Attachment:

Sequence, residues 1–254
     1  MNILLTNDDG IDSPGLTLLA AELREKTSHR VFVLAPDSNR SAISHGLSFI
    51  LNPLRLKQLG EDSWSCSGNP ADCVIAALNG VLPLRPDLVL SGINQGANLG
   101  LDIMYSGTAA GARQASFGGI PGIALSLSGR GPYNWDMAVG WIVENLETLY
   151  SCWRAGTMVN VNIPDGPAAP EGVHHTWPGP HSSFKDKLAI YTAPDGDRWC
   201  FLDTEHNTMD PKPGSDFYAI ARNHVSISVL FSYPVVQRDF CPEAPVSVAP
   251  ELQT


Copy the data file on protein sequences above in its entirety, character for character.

Sequence, residues 1–254
     1  MNILLTNDDG IDSPGLTLLA AELREKTSHR VFVLAPDSNR SAISHGLSFI
    51  LNPLRLKQLG EDSWSCSGNP ADCVIAALNG VLPLRPDLVL SGINQGANLG
   101  LDIMYSGTAA GARQASFGGI PGIALSLSGR GPYNWDMAVG WIVENLETLY
   151  SCWRAGTMVN VNIPDGPAAP EGVHHTWPGP HSSFKDKLAI YTAPDGDRWC
   201  FLDTEHNTMD PKPGSDFYAI ARNHVSISVL FSYPVVQRDF CPEAPVSVAP
   251  ELQT